There have been many debates as to whether marijuana is a gateway drug. Proponents of marijuana legalization will say no, there is no evidence of this. It may be true that there are plenty of people who smoke marijuana and never go on to using other drugs. But the fact remains that marijuana itself is a drug, which essentially is a toxin and people, youth especially, shouldn’t be using drugs. It’s really as simple as that. But what about the rest who were led to believe that smoking weed is no big deal (or that it’s actually good for you), and because of this do go on to become hardcore drug addicts? What about those individuals who lose their lives due to overdose?
With the opioid crisis facing us today, we need to be concerned that the normalization of marijuana and its subsequent increased use, particularly among teens, could contribute to the broader use of stronger, more dangerous drugs such as heroin. Some things to consider is that tolerance is built up the longer a person uses a drug. With marijuana, that desire for a stronger high just might sway someone to try a few opioid painkillers, cocaine or heroin to find that “better high.” Also being high on marijuana means their judgment is somewhat skewed and inhibitions lowered, so they are more likely to make a poor decision when faced with that choice.
For those of us working in drug prevention or rehabilitation, this progression from a “starter” drug like marijuana or alcohol to a deadly one has been evident to us for decades. Far too many people have entered the Narconon drug rehabilitation program, telling their story of how they wound up as an opioid, cocaine or Xanax addict. Here’s a couple of the stories we’ve heard.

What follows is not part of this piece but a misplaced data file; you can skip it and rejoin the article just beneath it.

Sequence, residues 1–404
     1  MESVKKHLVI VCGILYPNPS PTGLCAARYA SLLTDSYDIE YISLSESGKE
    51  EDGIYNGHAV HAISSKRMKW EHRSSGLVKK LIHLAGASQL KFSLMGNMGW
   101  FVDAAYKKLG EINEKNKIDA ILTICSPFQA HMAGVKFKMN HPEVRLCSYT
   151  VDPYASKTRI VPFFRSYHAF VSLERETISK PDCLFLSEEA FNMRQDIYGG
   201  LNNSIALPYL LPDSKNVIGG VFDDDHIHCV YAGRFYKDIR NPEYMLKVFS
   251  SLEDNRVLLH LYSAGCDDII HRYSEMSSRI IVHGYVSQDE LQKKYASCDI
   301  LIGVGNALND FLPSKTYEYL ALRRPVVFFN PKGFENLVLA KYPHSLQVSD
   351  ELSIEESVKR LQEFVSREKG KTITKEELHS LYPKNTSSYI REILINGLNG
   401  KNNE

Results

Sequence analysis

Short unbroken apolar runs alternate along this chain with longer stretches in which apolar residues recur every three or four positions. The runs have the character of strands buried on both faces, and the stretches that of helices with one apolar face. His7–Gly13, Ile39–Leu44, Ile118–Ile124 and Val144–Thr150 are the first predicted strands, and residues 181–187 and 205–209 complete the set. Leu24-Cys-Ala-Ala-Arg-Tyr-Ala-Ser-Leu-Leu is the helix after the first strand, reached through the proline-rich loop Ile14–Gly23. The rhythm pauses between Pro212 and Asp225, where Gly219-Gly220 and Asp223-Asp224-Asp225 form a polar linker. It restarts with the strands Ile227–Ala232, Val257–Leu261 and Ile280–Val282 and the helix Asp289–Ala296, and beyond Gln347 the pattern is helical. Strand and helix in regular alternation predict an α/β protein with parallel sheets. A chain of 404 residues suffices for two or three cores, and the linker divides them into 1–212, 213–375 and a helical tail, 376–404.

“I started smoking pot to fit in with everybody. And it looked like everybody was having a good time. And they told me ‘nobody’s died from smoking pot.’ So I did it and it progressed into cocaine and heroin and my life was just downhill. Once I was smoking pot, I was around people who were doing other drugs, so it made it easier to just do those other drugs. I was like, well, these people are doing it and they seem fine. So I did it.”
“How I started using marijuana, I was in middle school, around 12 years old, didn’t really know who I was as a person. I looked around to see what I wanted to be like, what I wanted to strive to be. I wanted to fit in, I wanted to be a social person. And that’s one of the reasons I started using marijuana. From then on, it just kind of snowballed. I became okay with using other things. It’s not like I set out to be a heroin addict but it ended up that way. Before I knew it I was too deep to pull myself out.”
Whether or not marijuana is a gateway drug isn’t really the issue. This drug creates plenty of its own damage to a person and their life. The issue really is that our kids are swamped with false information about drugs, marijuana in particular. The Narconon drug education curriculum was designed to address this misinformation by including a key component on marijuana education. The Marijuana the Myth video is a film of a live interactive classroom presentation that explains what marijuana really does to a person and reveals the false information kids have been exposed to over the years. The accompanying lessons reinforce this information and allow students to arrive at their own conclusions.